Gulfport teacher among 6 Mississippi educators to earn national recognition

Treasure Lynch

Six Mississippi teachers, including one from Gulfport High School, have been named 2021 state-level finalists for the Presidential Awards for Excellence in Mathematics and Science Teaching. The PAEMST Program is the nation’s highest honor for teachers of mathematics and science (including computer science).

Awardees serve as models for their colleagues, inspiration to their communities, and leaders in the improvement of mathematics and science education.

“Mississippi’s PAEMST state-level finalists are committed to excellence and are leaders among their colleagues,” said Dr. Carey Wright, state superintendent of education. “I congratulate them as they vie for the highest honor in their profession.”

The PAEMST program, established in 1983 by the White House, allows each state to select up to three state finalists in mathematics and up to three state finalists in science. One of the state finalists in each content area may be selected as the Presidential Awardee for the state, which is the highest recognition that a kindergarten through 12th grade mathematics or science teacher may receive for outstanding teaching in the United States.

The Mississippi State Board of Education will recognize Mississippi’s 2021 PAEMST finalists later this year. National winners are announced approximately a year after state-level finalists are identified.

Mississippi’s 2021 PAEMST state-level finalists:

Treasure Lynch
Grade 10 Mathematics teacher
Gulfport High School, Gulfport School District

Lynch, who teaches Honors Geometry/Algebra II, said, “True learning is determined by comprehension and application rather than memorization and demonstration.”

Dr. Trisha Gilbreath
Grade 10-12 Mathematics teacher
Northwest Rankin High School, Rankin County School District

Gilbreath, who teaches AP Calculus, Digital Electronics and Principles of Engineering, said, “I want my students to leave my classroom with three important lessons – they are loved, their ideas are valuable, and they can achieve far more than they ever expected.”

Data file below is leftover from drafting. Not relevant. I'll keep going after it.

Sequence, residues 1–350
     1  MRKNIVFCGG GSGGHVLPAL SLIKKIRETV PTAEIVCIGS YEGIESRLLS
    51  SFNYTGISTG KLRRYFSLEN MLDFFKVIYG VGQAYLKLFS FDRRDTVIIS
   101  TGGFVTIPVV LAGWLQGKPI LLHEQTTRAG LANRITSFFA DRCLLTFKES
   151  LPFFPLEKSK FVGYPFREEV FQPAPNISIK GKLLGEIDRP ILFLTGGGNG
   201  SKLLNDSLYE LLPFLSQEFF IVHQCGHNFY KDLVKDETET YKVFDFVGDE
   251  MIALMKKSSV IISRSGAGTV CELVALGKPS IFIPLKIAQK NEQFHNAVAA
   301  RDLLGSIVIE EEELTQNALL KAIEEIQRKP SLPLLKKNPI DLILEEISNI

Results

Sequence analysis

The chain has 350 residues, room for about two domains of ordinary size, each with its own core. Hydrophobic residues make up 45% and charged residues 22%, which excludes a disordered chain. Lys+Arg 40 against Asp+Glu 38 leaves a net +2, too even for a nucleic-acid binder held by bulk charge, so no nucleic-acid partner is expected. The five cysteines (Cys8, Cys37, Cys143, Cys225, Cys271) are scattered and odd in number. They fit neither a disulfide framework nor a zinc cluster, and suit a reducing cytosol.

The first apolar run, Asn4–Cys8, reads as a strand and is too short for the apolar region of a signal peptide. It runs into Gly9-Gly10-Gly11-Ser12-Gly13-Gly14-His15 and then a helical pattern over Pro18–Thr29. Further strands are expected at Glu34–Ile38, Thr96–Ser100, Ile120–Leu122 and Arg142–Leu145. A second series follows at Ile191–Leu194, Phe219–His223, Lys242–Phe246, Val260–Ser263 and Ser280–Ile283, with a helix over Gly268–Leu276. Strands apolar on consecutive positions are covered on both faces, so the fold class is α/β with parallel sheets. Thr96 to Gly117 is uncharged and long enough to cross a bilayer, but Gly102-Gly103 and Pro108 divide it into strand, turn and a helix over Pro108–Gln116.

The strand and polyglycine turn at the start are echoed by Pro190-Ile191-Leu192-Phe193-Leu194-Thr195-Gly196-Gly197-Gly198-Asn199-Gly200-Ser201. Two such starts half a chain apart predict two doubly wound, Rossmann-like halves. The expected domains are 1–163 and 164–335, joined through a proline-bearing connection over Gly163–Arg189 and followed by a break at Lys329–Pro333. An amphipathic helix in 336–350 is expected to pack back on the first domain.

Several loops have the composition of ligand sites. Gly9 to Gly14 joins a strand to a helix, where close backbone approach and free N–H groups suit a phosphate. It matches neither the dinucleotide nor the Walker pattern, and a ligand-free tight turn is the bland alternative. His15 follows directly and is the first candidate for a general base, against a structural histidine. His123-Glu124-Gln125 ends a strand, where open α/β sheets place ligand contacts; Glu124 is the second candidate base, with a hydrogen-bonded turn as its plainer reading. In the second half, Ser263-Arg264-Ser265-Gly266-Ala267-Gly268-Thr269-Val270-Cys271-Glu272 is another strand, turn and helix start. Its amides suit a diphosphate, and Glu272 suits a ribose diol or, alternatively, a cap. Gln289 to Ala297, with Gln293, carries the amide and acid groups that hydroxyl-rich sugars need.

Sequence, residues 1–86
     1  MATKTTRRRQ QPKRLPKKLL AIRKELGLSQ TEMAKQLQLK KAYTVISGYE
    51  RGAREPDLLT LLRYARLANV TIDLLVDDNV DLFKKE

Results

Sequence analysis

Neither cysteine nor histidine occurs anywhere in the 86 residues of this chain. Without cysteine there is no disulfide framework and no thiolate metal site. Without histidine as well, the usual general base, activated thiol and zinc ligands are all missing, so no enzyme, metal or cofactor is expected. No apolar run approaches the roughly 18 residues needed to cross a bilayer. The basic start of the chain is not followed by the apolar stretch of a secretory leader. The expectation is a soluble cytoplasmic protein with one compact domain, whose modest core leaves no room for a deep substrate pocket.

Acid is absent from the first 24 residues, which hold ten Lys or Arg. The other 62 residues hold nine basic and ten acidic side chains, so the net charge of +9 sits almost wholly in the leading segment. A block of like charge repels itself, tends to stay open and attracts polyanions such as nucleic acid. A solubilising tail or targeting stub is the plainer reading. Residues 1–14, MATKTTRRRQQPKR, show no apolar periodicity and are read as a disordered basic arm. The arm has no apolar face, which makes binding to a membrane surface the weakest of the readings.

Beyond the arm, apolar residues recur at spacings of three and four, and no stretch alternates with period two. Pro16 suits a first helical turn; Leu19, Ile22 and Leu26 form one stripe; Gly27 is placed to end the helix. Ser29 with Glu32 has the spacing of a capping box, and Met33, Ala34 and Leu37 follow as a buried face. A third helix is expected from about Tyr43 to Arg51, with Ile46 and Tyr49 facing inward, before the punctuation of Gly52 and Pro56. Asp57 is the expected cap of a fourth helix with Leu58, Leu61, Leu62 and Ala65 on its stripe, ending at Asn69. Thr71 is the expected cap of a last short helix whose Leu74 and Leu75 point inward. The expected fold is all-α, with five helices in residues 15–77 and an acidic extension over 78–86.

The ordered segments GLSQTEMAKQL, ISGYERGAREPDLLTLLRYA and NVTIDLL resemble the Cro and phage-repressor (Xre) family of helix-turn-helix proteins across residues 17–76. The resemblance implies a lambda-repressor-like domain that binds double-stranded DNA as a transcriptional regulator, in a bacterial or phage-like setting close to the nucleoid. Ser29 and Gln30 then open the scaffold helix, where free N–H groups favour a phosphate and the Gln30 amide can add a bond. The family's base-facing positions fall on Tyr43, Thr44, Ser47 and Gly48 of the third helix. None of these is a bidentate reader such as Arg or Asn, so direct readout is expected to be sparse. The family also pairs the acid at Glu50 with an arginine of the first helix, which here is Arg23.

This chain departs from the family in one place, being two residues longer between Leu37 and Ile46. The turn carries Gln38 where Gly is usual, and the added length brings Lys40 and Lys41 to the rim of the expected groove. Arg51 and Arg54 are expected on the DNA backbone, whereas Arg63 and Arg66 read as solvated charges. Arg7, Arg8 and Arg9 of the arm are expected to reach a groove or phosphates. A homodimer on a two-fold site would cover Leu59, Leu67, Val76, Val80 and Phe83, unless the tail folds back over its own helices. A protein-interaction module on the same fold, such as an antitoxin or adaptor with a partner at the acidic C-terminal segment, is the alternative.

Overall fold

Jaqueline Lewis
Grade 9 Mathematics teacher; Grade 11-12 Computer Science teacher
Enterprise High School, Enterprise School District

Lewis, who has 17 years of experience as a computer software design engineer and teaches Algebra 1, AP Computer Science A and AP Computer Science Principles, said, “While varying and evolving instructional strategies are important, they are all secondary to the need to motivate, inspire, and build a desire in students to want to learn and to excel in the implementation of what they have learned.”

Kenneth Peagler
High School Science teacher
Brandon High School, Rankin County School District

Peagler, who teaches Physics, Physical Science, AP Physics and AP Computer Science, said, “Teaching is not about finding or creating the most rigorous and/or entertaining tasks; instead, it’s about using your content to build engaged students, that love to learn, that can take any task and will think, persevere, and exceed any goals set for them.”

Christina (Tina) Walters
Grade 10-12 Science teacher
South Jones High School, Jones County School District

Walters, who teaches Chemistry and AP Chemistry, said, “My goal is to create a safe learning environment where risk-taking is commonplace and problem-solving is encouraged in an effort to foster love of learning independent of ability level.

Ashley Elizabeth Webb
Grade 10-12 Science teacher
DeSoto Central High School, DeSoto County Schools

Webb, who teaches Physics, AP Physics 1, AP Physics 2 and PSAT, said, “All students deserve a welcoming, engaging, and challenging classroom culture that fits both their emotional and academic needs.”

 

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